Asian markets largely rallied Friday, tracking a rebound on Wall Street, as investors attempted to shrug off lingering US-China trade war fears.
Positive data out of Japan helped drive the Nikkei index up by 0.7 percent, after figures showed the world's third-biggest economy was growing faster than analysts had predicted.
The stronger-than-expected data showed Japan's gross domestic product grew 0.4 percent from the previous quarter on robust consumer demand, beating analysts' median forecast of 0.1 percent.
"The reading of the data itself was not a huge buying peg... but nonetheless it confirmed personal spending could pick up," said Makoto Sengoku, market analyst at Tokai Tokyo Research Institute.
The Japanese data came a day after China released figures showing that its exports beat expectations to rise in July, boosting equities in the region.
Hong Kong edged up 0.2 percent Friday, while Shanghai inched up 0.1 percent. Seoul jumped 1.3 percent and Sydney rose 0.3 percent. Singapore lost 0.5 percent.
Even as equities largely advanced on bargain-hunting by investors after several days of losses, safe haven assets such as bonds, gold and the yen remained in demand, signalling that trade war fears would continue to weigh on markets.
Interest rate cuts by central banks in India, Thailand and New Zealand this week underscored investor anxiety with analysts saying that markets believe further cuts were in the offing.
"The current market dynamics are such that the stabilisation of risk assets will remain a function of improvement on the trade front or the Fed turning increasingly more dovish," said Stephen Innes at VM Markets.
"With a near term trade agreement little more (than) wishful thinking at this stage the markets will lean on the dovish Fed narrative again as a critical circuit breaker to diffuse the markets stress overload from escalating trade and currency war tensions," he added.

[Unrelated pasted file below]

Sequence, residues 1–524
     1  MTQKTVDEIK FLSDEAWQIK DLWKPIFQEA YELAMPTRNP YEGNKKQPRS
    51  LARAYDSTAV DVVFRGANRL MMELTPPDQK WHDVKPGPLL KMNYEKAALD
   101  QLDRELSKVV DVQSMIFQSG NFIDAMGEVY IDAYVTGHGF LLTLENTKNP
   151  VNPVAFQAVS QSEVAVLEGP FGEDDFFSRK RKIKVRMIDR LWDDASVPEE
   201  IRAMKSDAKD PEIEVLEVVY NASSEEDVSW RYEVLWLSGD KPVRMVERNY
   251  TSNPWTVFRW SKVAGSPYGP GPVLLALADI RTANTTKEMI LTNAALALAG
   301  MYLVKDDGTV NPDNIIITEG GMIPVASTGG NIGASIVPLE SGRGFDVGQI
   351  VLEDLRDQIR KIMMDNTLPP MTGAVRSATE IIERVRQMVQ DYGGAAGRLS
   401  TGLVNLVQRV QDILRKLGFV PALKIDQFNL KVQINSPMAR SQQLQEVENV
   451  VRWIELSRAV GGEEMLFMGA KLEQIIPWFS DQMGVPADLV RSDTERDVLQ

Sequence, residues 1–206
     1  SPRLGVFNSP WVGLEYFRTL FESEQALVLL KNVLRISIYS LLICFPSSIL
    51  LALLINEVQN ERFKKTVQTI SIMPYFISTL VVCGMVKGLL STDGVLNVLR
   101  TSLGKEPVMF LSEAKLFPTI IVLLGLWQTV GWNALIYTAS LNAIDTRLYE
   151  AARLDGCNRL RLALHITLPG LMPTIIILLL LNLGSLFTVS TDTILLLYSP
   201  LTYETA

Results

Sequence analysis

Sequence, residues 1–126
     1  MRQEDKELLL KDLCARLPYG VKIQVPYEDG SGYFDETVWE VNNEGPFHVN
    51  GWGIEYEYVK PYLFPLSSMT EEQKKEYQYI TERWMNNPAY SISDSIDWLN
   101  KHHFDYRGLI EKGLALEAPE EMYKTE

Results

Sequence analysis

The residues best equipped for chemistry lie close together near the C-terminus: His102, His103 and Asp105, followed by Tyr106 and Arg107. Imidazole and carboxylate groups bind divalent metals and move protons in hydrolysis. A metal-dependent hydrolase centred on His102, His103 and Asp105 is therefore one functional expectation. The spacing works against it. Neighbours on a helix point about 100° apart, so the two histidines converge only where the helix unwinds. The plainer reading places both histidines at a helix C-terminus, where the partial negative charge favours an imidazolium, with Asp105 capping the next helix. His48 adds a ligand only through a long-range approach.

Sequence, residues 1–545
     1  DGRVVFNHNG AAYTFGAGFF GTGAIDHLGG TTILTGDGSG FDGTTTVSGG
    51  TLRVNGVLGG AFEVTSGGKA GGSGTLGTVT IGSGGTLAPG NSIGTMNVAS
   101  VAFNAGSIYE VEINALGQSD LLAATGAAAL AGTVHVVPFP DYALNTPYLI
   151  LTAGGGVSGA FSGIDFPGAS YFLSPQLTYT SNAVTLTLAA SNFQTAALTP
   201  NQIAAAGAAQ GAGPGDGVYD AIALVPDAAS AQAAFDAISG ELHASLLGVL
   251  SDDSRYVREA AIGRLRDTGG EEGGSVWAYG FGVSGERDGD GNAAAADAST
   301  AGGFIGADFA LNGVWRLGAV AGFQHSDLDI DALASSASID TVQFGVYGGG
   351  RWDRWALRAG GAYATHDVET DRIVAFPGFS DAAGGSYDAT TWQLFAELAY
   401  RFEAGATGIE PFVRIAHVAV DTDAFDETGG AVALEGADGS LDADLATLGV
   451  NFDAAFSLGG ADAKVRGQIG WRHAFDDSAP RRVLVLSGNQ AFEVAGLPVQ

Equities were hammered Monday after Beijing allowed the yuan to slide sharply against the dollar following US President Donald Trump's announcement of fresh tariffs on Chinese goods starting September 1.
But Beijing's push to stabilise the yuan helped to ease fears of a full-blown currency war on top of an escalating trade war.
That has done little to placate Trump however, with Washington formally branding China a currency manipulator earlier in the week.
On Thursday Trump appeared to call for a weaker US dollar to help American exporters -- a move that breaks with decades of US policy.
"As your President, one would think that I would be thrilled with our very strong dollar. I am not!" he said on Twitter.
"The Fed's high interest rate level, in comparison to other countries, is keeping the dollar high, making it more difficult for our great manufacturers... to compete on a level playing field", he wrote.
Tokyo - Nikkei 225: UP 0.7 percent at 20,745.75 (break)
Hong Kong - Hang Seng: UP 0.2 percent at 26,169.98
Shanghai - Composite: UP 0.1 percent at 2,796.31
Pound/dollar: FLAT at $1.2138 around 2100 GMT
Euro/pound: UP at 92.23 pence from 92.12 pence
Euro/dollar: UP at $1.1195 from $1.1182
Dollar/yen: DOWN at 106.01 yen from 106.06 yen
Brent North Sea crude: UP 12 cents at $57.50 per barrel
West Texas Intermediate: UP 17 cents at $52.71 per barrel
New York - Dow: UP 1.4 percent at 26,378.19 (close)
London - FTSE 100: UP 1.2 percent at 7,285.90 points (close)